original film, and the more minimal
continuity suited it best, rather
than the "let's explain everything"
tone of the middle trilogy. I know a
lot of fans liked that, but they're
so far removed from the simplicity
of the original, they really don't
gel. Similarly, the producers don't
want to go back to that storyline,
at least as it was.
while I'm not interested in uniting
the continuities (I know that every
second fan has a 'great idea' to
unite the storylines, but the
producers don't want that, H20
explicitly says that the other
continuity didn't happen and we
can't legally use all of the
characters), there is a way to
include a lot of what people loved
about those movies while dispensing
with a lot of the baggage. We shall
Devil's Due ever ask that you
No - the
only really specific request I
received from them was to put The
Shape in the first few pages of
Halloween: Nightdance, mainly for
those people who flick through the
first few pages of a book before
they buy it.
I was really opposed
to that because it didn't fit the story at all,
so thankfully I was able to stick to my original
outline. I have a really supportive editorial
team, namely Stephen Christy and Cody DeMatteis,
and that, as well as the backing from Trancas
International, helps a lot.
I was surprised that
you kept Laurie Michael's brother; why did you
feel it should have remained?
I never liked the
idea of them being related, I have to be honest.
It was an idea that actually diminished the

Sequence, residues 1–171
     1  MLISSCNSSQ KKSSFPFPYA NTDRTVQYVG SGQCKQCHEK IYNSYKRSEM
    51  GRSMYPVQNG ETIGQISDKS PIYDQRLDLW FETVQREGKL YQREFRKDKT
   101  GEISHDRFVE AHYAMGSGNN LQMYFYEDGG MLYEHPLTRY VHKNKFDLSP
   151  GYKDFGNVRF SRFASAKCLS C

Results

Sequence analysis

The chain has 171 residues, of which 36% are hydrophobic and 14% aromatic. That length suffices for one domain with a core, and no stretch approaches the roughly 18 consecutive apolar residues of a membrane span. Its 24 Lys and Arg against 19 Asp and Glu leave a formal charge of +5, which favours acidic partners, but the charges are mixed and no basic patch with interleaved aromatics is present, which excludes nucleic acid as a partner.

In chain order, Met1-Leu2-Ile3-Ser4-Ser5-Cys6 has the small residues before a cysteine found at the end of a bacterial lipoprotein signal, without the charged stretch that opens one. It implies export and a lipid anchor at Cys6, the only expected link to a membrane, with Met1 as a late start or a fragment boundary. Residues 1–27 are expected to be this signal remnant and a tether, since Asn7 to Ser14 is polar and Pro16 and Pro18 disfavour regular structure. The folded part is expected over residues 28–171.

first film for me. It made the original seem
more like a series of completely unlikely
coincidences, and also grounded The Shape into
being simply Michael Myers. No longer was he an
abstract force, but a guy with family problems.
However itís not my
place to drop everything from the series Ė I
donít really have the right to do that as many
fans have a lot invested in these characters.
However, Halloween: H20 did radically
change the series and we are in that universe.
My role is to make it all work in the context of
what we want to do, so thatís where
Halloween: The First Death of Laurie Strode
fits in. A lot of things stop being a
coincidence in that story and instead become
fated, unavoidable elements.
One thing I wanted
to ensure is that we didnít go strolling down
the bloodline path again. Thatís been done, and
really isnít in the intent of the original. So
the sister aspect is still very much a part of
our world, but itís certainly not the driving
force of our stories. I want The Shape to be
scary again, and one part of that is making him
more unpredictable. All of the actions he does
do, however, have their roots in the original
film, or in Halloween II. We canít assume
that we saw everything The Shape is capable of
in the brief time we spent following him over
Thatís also the
double-edged sword of obsessive fandom rhetoric!
We repeat things and people complain itís seen
before, we do something new and itís suddenly
decried as being out of character. Iíve just
learned to switch off from all of that and trust